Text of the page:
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Updated: February 17th, 2012 12:46pm
Wessel: Four-game stretch should help define Timberwolves' season

Wessel: Four-game stretch should help define Timberwolves' season

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Minnesota Timberwolves coach Rick Adelman joked during his team's recent four-game losing streak that the world may be coming to an end after all the positivity the team built up during its run to reaching .500 for the first time in five seasons.

The Wolves may have temporarily staved off the apocalypse with Wednesday's 102-90 victory over a 3-26 Charlotte Bobcats team that by seasons end could be the NBA equivalent of "Weekend at Bernie's II" -- a team so pitiful that everybody who watched them play will use them as the benchmark for describing future bad teams.

The Bobcats' ineptitude could cause one to question exactly what Wednesday's victory meant for the Wolves. Did it signify that the team's struggles are over, for now, or did the Wolves just beat up on a bad team?

We should soon find out.

The Wolves (14-16) have a difficult four-game stretch before the All-Star break next weekend that could define where this young team goes in the second-half of the lockout shortened 66-game season.

The Wolves open a stretch of four games in seven days on Friday, starting at Houston (17-13) and followed by meetings with Philadelphia (20-10), Denver (17-13) and Utah (14-14). The games against the 76ers and Jazz will be at Target Center.

"We have tough games. From this stretch on we are going to find out who we are," said Adelman, whose Wolves are entering a stretch of 11 games in which they will face 10 teams with records above or at .500.

Every NBA team has their highs and lows. They are the product of an 82 -- or in this case 66 -- game season. Even the 1995-96 Chicago Bulls team that went 72-10 lost two games in a row right before the All-Star break.

But young teams are especially susceptible to funks while they adjust to a new schedule, new league and, in some cases, not being the best player on their team for the first time in their lives.

The Wolves went through a lot of those growing pains last season under Kurt Rambis. A first-quarter lead often turned into a fourth-quarter loss, one loss quickly turned into five and a bad shooting night lingered for weeks.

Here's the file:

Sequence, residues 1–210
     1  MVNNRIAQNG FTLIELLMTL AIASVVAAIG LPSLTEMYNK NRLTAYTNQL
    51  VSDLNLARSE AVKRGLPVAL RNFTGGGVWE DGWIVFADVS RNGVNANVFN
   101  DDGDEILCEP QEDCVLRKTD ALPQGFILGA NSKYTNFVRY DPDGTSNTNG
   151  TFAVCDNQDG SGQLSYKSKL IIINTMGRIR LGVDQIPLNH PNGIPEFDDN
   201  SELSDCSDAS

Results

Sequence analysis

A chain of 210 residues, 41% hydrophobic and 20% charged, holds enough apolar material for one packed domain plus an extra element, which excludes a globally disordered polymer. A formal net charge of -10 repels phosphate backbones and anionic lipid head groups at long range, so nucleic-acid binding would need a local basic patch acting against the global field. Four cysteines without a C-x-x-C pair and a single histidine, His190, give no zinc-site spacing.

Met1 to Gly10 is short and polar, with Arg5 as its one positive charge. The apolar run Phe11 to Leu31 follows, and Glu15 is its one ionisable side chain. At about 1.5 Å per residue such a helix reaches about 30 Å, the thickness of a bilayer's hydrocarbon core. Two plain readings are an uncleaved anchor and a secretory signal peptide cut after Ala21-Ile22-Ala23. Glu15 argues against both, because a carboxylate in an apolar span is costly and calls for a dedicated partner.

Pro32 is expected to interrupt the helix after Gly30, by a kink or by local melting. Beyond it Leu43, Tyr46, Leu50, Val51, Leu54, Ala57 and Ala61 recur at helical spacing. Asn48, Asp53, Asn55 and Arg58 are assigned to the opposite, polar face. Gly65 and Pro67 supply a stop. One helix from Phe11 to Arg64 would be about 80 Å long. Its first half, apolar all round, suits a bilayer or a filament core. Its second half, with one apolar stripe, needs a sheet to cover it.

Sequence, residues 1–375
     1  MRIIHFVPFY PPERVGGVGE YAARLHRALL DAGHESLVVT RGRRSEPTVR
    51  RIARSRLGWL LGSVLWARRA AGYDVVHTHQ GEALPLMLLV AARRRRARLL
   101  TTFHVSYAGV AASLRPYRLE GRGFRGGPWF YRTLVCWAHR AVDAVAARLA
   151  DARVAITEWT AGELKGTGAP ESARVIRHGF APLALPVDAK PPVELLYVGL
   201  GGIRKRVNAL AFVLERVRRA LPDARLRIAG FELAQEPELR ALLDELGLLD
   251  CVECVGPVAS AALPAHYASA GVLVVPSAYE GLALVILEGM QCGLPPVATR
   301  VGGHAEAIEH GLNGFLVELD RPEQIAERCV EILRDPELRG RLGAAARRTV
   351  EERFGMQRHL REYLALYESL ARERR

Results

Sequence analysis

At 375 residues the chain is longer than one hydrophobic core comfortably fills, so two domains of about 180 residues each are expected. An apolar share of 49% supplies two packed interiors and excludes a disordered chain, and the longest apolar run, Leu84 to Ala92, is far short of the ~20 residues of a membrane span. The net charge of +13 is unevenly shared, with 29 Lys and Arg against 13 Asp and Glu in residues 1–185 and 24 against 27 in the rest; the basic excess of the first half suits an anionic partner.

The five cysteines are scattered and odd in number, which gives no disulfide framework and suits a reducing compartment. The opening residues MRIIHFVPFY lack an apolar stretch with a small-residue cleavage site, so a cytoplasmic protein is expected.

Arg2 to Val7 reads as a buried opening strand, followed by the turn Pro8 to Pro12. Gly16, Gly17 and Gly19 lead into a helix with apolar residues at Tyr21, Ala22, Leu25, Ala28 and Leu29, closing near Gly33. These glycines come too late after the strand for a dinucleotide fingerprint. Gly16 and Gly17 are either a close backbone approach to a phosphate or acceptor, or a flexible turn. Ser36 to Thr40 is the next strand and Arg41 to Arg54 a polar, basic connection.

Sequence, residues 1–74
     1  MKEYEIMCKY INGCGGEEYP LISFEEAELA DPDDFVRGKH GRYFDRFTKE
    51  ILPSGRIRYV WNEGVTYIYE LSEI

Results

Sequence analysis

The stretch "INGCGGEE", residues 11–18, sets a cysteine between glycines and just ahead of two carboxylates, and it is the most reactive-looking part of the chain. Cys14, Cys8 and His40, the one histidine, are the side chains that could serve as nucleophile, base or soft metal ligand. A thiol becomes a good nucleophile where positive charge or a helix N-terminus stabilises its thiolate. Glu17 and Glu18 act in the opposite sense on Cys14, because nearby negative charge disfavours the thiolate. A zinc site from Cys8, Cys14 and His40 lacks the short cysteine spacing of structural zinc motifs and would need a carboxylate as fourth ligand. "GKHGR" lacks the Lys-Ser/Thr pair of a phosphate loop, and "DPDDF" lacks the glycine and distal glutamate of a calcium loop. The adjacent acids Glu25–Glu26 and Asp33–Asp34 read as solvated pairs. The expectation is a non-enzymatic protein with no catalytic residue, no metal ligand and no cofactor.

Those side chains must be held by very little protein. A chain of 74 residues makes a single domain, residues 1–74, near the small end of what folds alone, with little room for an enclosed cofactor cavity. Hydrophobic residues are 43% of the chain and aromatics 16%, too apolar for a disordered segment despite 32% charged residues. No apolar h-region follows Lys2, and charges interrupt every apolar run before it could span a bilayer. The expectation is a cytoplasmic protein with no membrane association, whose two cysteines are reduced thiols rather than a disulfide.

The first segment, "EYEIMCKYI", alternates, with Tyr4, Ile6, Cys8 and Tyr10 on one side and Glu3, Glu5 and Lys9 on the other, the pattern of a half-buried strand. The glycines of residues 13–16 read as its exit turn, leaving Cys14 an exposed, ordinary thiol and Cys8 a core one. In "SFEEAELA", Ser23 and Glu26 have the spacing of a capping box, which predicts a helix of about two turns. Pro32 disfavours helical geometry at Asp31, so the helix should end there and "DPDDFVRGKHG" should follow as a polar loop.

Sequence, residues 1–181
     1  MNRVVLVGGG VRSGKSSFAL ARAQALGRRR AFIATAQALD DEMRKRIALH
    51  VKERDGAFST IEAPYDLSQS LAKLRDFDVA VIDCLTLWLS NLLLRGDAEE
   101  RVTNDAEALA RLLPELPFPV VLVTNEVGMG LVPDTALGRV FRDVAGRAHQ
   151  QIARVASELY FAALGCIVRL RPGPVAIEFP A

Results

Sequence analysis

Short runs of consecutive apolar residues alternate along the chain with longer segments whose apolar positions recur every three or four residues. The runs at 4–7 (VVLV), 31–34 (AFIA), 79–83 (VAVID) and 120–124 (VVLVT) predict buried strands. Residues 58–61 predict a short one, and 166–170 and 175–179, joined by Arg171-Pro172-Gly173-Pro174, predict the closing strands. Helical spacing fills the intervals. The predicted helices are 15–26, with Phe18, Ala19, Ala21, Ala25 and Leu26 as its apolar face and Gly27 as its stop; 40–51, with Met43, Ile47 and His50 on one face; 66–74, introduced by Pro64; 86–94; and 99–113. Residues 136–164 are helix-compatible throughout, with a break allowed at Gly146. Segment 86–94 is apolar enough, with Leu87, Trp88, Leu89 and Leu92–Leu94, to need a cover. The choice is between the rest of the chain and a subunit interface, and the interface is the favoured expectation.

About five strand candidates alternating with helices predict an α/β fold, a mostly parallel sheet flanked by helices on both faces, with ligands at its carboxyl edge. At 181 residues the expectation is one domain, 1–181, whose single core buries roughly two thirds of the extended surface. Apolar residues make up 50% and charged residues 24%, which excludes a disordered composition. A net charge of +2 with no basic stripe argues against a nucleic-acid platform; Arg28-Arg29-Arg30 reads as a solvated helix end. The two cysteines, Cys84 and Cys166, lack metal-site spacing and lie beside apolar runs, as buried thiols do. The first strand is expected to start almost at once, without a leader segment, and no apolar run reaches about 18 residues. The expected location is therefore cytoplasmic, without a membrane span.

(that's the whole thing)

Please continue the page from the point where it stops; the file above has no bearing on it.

The Wolves have made huge strides under Adelman, but still occasionally fall back into their old ways. Their inability to close out the New York Knicks last Saturday, their total no-show Monday at Orlando and their slow-start against the Bobcats, were enough to give hardcore fans nightmare-flashbacks of recent seasons.

So as Adelman said, it is time to figure out exactly who this Wolves team is.

Taking three of four heading into the break would give the Wolves their coveted .500 record back.

It also would send them into the second-half of the season with the confidence necessary, for a team as young and inexperienced as they are, to make a serious push at the No. 8 seed in the Western Conference.

Dropping more games and reverting back to the quality of play that caused Adelman to joke about the world coming to an end will send the Wolves into their weekend off with doubt in their minds about where things will be headed.

Making the next week even more critical is how difficult the schedule plays out the next month-and-a-half. The Wolves come out of the break with a four-game West Coast trip that will have them facing both the Lakers and Clippers, as well as Phoenix and Portland.

Then in March they play 15 of 24 games on the road, including a seven-game trip.

One of the go-to clichés that athletes like to lean on is the old "one game a time" mantra and about not getting ahead of themselves. But Love is keenly aware of where the team sits and the challenges that await.

"(Getting back to .500) would mean a lot for us," he said. "We let the previous four get by us. So to get back to .500 by the All-Star break would mean a lot, allow us to rest our legs and get ready for a tough schedule in March because we are gone 17 or 18 days of the month."

The break comes in seven days. The players are likely already looking forward to kicking their feet up. But the next four games could very easily dictate whether this transition season turns into a push for the playoffs or a learning experience for next year. 

In this story: Kurt Rambis